But Rav Halperin concludes that this is not a basis to forbid charging for organ donation, for various reasons:

  • Allowing the payment of exorbitant ransoms is likely to cause an increase in kidnapping, whereas allowing charging for organs will not increase illness and the need for transplant, only raise the price to exorbitant levels, so this Gemara cannot serve as a source.
  • Economic self-interest is likely to keep prices reasonable, as organ donors who charge unreasonable prices will likely fail to find buyers.
  • Although we do not redeem a captive for more than his value, the captive himself is not bound by this restriction.[4] And according to some opinions, it is only the community that is so restricted, but an individual may redeem his relative (and perhaps anyone else) for more.[5]

Rav Halperin accordingly concludes that

There is no basis to prohibit asking for and receiving financial compensation for organ donation, and on the contrary, any objection to this is likely to forestall possibilities of salvation for those who need them.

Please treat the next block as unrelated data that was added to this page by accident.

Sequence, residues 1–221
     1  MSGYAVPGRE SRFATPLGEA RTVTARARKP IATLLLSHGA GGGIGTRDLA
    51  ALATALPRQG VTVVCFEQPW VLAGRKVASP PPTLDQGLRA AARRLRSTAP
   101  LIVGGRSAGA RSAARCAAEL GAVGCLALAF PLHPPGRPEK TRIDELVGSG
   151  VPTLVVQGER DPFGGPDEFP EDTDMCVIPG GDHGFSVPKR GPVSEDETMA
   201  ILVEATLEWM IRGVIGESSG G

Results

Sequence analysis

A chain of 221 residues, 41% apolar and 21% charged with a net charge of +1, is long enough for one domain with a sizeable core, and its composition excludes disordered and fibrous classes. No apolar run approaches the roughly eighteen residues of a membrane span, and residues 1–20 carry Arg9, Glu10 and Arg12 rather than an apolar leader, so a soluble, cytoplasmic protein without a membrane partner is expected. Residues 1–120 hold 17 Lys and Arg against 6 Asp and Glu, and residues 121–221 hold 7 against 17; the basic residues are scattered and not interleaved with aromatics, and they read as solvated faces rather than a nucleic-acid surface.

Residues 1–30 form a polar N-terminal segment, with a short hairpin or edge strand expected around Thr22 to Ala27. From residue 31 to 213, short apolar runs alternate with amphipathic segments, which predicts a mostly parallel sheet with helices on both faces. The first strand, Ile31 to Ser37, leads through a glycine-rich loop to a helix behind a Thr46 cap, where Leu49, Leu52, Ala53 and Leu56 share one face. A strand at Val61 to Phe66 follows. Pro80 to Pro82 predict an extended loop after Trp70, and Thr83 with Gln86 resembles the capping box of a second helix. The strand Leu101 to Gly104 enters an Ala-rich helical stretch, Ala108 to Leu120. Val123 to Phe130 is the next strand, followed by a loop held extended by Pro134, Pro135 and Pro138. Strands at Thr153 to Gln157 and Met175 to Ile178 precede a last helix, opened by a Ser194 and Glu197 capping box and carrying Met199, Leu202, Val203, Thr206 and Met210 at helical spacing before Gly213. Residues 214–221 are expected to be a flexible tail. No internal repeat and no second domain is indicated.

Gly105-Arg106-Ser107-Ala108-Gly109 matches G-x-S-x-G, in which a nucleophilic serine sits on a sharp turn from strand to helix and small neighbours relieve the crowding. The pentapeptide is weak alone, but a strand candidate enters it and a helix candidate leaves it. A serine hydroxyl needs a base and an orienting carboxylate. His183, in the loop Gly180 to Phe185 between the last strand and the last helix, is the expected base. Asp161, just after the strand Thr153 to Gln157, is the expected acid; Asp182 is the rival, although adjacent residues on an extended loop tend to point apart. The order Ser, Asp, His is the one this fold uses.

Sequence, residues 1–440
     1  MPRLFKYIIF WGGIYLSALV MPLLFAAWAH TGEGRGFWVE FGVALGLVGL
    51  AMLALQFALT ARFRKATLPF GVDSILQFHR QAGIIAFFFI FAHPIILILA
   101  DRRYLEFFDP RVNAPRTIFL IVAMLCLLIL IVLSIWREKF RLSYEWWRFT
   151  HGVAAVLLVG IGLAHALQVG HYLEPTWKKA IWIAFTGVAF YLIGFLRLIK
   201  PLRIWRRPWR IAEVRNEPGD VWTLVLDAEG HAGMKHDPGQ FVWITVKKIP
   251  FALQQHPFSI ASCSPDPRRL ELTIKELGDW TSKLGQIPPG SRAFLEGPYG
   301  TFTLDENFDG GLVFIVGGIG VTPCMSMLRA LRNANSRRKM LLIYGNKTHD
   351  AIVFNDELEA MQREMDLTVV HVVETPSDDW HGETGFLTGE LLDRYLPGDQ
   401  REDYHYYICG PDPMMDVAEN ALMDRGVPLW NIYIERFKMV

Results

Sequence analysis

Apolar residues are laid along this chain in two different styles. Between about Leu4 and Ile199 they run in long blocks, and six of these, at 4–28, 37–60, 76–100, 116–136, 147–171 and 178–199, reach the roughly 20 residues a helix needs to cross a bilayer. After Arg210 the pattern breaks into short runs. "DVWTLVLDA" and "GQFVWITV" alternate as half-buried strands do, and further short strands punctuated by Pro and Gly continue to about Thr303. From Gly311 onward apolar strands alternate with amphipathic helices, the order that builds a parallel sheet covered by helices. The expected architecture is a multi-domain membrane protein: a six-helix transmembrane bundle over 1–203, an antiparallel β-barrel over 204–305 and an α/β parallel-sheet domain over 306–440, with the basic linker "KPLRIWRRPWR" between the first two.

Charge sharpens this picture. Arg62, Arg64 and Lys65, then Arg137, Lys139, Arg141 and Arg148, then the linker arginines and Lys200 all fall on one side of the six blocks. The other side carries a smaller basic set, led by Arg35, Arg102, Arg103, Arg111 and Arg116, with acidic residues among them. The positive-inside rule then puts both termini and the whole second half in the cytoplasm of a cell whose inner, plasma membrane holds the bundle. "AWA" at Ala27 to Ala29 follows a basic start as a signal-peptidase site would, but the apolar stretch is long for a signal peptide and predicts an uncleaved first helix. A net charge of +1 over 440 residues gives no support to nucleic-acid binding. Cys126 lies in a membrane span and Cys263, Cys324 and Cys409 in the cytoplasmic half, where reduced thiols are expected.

He does recommend, however, that such payments be funded by governments, which will serve to limit prices and to relieve the recipients of the financial burden.

Prof. Somin (see previous article) has been a longtime advocate for allowing payment for organ donation:

The arrest of [a Brooklyn rabbi] for trying to broker the sale of a kidney has rekindled public debate over the possibility of legalizing organ markets. This is an issue I teach every year in my property class. Each time, one of the most common objections raised is the claim that organ markets must be banned because they will lead to “exploitation” of the poor. Obviously, the exploitation argument is often raised elsewhere as well.

There are several major problems with the argument: It is inconsistent with allowing poor people to engage in far riskier activities for pay; it doesn’t even begin to prove that preventing the “exploitation” is an important enough value to justify the deaths of thousands of people for lack of organs; and it overlooks the fact that poor organ donors are likely to benefit from organ markets. Finally, even if all these points are unpersuasive, the exploitation argument still can’t justify banning organ sales by the nonpoor as well…